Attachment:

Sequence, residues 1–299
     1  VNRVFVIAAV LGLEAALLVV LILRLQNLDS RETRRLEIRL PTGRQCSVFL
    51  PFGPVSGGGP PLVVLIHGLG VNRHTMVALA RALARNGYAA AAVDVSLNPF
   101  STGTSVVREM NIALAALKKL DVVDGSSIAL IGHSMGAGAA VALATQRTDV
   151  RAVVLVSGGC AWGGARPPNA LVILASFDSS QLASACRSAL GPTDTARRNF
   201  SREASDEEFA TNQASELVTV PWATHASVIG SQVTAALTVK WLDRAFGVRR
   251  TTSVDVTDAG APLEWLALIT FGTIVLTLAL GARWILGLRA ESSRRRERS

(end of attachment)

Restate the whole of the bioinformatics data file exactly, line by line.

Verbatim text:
Sequence, residues 1–299
     1  VNRVFVIAAV LGLEAALLVV LILRLQNLDS RETRRLEIRL PTGRQCSVFL
    51  PFGPVSGGGP PLVVLIHGLG VNRHTMVALA RALARNGYAA AAVDVSLNPF
   101  STGTSVVREM NIALAALKKL DVVDGSSIAL IGHSMGAGAA VALATQRTDV
   151  RAVVLVSGGC AWGGARPPNA LVILASFDSS QLASACRSAL GPTDTARRNF
   201  SREASDEEFA TNQASELVTV PWATHASVIG SQVTAALTVK WLDRAFGVRR
   251  TTSVDVTDAG APLEWLALIT FGTIVLTLAL GARWILGLRA ESSRRRERS